Hartwig, Ines (2002) Incremental Synergies or Growing Fragmentation between the Luxembourg Process and EU Cohesion Policy? EIPA Working Paper: 2002/W/1. [Working Paper]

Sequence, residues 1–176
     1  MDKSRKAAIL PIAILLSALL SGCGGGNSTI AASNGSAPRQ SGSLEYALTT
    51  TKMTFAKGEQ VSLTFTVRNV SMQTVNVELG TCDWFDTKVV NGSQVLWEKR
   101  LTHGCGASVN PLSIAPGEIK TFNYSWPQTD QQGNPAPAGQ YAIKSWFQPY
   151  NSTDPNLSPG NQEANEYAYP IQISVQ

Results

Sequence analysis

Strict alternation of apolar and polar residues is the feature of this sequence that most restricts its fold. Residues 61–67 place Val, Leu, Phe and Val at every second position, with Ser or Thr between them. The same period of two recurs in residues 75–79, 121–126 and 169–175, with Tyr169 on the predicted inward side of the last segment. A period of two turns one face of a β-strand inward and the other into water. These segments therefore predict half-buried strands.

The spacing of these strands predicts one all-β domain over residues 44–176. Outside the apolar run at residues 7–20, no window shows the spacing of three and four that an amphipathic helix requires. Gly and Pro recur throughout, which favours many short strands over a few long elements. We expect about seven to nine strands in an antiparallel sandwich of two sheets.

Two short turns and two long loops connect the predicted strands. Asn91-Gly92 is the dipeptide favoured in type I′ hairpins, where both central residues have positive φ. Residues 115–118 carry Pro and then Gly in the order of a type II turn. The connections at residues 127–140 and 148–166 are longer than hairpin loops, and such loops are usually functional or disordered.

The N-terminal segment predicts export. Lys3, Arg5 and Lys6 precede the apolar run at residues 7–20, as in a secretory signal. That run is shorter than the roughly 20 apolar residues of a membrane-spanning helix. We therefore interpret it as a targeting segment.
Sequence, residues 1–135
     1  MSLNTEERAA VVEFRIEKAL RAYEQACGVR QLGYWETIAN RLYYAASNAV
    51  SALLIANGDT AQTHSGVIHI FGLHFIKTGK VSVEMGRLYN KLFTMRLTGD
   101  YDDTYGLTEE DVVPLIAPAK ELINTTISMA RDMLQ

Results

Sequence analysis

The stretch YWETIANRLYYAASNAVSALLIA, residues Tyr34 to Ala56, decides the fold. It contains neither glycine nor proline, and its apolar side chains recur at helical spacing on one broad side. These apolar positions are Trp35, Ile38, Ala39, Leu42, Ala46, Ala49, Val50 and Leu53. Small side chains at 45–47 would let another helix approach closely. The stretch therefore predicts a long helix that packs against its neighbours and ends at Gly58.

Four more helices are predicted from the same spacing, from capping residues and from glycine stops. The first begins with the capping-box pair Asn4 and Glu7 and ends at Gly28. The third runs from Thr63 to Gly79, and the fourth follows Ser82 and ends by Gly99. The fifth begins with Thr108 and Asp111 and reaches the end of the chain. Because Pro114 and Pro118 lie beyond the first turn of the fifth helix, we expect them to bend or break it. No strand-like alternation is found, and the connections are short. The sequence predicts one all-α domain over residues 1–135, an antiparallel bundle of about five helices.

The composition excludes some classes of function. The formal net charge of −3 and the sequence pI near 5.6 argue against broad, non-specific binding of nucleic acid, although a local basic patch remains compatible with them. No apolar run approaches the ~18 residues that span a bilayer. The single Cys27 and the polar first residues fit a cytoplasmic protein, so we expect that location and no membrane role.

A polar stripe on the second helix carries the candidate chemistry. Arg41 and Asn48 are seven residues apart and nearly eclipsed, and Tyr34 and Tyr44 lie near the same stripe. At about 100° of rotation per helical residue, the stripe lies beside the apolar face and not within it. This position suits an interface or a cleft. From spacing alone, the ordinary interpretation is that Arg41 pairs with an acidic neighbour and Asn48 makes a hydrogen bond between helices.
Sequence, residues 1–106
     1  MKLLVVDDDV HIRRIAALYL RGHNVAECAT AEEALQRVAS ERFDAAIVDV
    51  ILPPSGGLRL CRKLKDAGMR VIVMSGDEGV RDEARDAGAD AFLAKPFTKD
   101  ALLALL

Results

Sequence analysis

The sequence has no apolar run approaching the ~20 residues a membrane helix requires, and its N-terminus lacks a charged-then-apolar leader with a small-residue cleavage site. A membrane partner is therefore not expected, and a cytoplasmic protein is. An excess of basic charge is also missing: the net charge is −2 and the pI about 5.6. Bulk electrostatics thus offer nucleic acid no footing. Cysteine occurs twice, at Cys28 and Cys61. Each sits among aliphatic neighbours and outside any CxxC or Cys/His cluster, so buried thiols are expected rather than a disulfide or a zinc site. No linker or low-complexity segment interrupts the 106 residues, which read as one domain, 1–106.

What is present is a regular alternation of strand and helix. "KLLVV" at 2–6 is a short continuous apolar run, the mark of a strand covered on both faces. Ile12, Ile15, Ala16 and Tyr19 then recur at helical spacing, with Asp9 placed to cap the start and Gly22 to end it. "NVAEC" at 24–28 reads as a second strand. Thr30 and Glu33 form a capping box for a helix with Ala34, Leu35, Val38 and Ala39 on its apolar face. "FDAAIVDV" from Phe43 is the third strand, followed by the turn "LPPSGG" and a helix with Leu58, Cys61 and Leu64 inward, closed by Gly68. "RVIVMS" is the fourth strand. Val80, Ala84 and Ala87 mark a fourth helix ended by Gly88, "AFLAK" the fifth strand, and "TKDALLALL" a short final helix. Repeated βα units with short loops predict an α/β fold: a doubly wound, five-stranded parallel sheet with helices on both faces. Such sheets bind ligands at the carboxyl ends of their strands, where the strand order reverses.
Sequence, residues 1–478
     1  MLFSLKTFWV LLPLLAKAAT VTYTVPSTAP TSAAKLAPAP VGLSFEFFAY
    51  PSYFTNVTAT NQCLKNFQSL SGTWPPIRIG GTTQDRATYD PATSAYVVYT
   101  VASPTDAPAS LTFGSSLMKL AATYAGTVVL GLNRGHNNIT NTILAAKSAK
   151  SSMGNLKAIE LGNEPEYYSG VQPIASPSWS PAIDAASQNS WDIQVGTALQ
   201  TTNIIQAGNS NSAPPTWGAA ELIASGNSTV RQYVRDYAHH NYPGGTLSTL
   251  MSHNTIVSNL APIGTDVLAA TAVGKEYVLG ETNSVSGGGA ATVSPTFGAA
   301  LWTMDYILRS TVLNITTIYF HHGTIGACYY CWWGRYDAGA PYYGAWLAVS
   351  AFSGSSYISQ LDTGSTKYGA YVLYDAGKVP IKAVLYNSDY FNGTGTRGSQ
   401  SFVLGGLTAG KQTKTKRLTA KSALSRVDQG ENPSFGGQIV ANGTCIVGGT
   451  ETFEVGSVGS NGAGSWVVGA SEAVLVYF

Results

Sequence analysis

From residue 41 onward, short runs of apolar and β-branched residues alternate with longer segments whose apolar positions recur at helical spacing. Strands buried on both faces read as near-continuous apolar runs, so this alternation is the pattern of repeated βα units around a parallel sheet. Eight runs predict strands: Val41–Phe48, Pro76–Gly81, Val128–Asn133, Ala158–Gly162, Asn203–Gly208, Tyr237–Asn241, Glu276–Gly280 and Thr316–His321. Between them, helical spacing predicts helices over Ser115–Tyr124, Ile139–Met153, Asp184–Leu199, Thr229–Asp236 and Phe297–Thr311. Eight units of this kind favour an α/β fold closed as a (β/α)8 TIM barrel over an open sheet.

[Fron the Introduction]. As stated by both the Council and the European Commission, the European Union's actions concerning employment follow two main tracks: on the one hand, there is the European Employment Strategy (EES), embodied in the employment title which was incorporated into the Community Treaty at Amsterdam in 1997 and developed further at the Extraordinary European Council in Luxembourg later in the same year. On the other hand, many Community actions to assist employment are taken in the framework of the Structural Funds. However, there are quite some differences between these two instruments. Whereas for the EES there is direct and explicit link to support employment, the involvement of the Structural Funds in the EU’s support of employment is much less explicit. This is not only due to the fact that the Structural Funds are much broader in scope and not only limited to support employment. It is also due to differences between these two instruments which are more fundamental in nature. The European Employment Strategy as such - that is, the so-called "Luxembourg Process" - is one of the main fields in which the "open method of coordination" is used, based upon policy coordination and benchmarking rather than legally-binding acts. This "third way" in EU governance is used when harmonisation is unworkable but mutual recognition and the resulting regulatory competition may be too risky.
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